With all the wars raging in the world how can anyone even be worried about saving an African animal species? With terrorist organizations such as Isis and Al-Shabaab and Boko Haram running rampant why should precious resources and money be given to those who are protecting and conserving Africa’s rhino? Surely it is an African problem? Surely it is just an animal?

Wrong! Rhino horn is the most valuable substance on earth, worth more than diamonds, more than gold, more than cocaine or any other commodity you can think of. On the black-market rhino horn is selling for an average of $75 000 per kilogram. An average adult rhino horn weighs about 3kgs. That’s $225 000 per horn. 5 rhino horn can fit into a ruck sack. Do the math.

Rhino horn is funding terrorism. It really is as simple as that. In a recent article by SBS Australia it revealed that the UN and Interpol warns that the poaching industry is worth $213 billion and funds armed conflicts across the globe. Just animal you say? Achim Steiner, head of the United Nations Environment Program, said that environmental crime is “a financing machine” for militias, extremist groups, and armed conflict.

So, are we realising that rhino and elephant poaching is not “just an African problem”? It is a global one that affects everyone. Paris, Belgium, London, Nigeria, Iraq, Afghanistan, Syria need we carry on listing all the places that have been affected by terrorism? But wait, rhino is just an animal that resides on the African continent. Rhino and elephant poaching are an African problem.

Veterans Empowered to Protect African Wildlife (VETPAW) realised this a while ago. Why? Because the founder of VETPAW is a US Marine veteran who fought in places such as Iraq and Afghanistan against these terrorist organisations, which are being funded by the illicit trade in rhino horn and ivory. He is a veteran who has put his immense skills and training into creating a counter poaching organisation that employs US military veterans to protect African rhino, elephant and other endangered species.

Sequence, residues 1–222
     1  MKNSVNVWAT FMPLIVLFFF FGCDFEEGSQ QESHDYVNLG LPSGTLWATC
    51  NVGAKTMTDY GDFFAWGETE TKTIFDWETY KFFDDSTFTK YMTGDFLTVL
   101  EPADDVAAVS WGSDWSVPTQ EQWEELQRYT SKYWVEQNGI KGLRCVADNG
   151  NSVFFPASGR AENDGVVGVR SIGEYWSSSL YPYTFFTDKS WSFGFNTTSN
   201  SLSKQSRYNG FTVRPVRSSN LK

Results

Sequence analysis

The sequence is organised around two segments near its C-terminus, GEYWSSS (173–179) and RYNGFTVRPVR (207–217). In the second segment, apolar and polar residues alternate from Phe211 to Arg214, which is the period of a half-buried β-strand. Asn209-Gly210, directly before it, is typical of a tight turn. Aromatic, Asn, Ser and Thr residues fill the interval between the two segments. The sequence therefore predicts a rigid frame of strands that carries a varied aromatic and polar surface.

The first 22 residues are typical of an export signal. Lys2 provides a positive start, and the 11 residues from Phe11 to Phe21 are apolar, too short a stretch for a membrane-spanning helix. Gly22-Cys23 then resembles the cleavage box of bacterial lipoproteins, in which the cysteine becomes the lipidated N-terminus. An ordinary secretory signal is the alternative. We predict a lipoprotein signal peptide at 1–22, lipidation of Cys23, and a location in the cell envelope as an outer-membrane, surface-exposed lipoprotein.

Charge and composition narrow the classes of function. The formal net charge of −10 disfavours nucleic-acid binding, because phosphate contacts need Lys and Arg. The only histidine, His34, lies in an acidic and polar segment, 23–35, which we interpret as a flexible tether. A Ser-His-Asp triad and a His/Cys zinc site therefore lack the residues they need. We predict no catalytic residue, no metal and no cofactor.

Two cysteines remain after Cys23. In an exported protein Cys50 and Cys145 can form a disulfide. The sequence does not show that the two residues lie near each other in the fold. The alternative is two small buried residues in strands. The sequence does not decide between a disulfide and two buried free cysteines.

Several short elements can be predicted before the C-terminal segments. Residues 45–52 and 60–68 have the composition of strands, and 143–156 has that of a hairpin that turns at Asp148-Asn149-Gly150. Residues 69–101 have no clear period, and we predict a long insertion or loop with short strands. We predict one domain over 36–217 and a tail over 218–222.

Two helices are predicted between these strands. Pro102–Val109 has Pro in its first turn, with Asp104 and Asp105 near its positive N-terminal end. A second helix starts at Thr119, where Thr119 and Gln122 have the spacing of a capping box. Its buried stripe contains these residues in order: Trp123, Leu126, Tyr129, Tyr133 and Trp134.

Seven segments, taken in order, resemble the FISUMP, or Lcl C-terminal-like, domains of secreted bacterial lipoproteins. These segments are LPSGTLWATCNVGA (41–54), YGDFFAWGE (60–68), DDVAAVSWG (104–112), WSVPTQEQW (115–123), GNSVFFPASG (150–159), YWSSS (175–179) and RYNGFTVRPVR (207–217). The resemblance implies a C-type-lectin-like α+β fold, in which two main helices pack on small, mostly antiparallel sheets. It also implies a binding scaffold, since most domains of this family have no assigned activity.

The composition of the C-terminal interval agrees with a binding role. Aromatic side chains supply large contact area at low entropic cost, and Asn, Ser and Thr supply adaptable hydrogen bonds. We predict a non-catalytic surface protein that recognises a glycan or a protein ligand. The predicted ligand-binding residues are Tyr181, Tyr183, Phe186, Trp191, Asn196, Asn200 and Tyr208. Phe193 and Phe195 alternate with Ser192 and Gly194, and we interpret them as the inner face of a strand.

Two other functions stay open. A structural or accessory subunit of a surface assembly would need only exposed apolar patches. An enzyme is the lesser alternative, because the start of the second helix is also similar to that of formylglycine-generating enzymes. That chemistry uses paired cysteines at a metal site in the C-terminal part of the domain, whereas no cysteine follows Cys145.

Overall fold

“We not only have our own counter poaching teams that operate full time in South Africa, we also believe that up-skilling and training the rangers that currently protect wildlife is critical. The wildlife reserves are spreading themselves very thin protecting their animals. By way of example a small reserve that has only six rhino on it are spending $5000 a month just on anti poaching and protection. That is a lot of money here in South Africa,” comments Ryan Tate Founder of VETPAW.

The veterans that are employed by VETPAW have had years of training and experience in fighting terrorist insurgencies. They have received the best training in the world. Now, they put this training to work protecting rhino and elephant against poaching. VETPAW receives funding through donations. In this way they are able to assist reserves and private rhino owners protect their rhino and elephant at literally zero cost to the reserve owners, that is our commitment to saving these animals.

Last year 1154 rhino were poached and killed in South Africa. The year before that the figure was 1172. There is an estimated 8000 rhino left in South Africa which means that the species could be wiped out by 2023, which only six years from now. It’s not that long is it?

If you would like to donate to VETPAW’s mission in Africa please click here https://donatenow.networkforgood.org/vetpaw2015 help us to help them.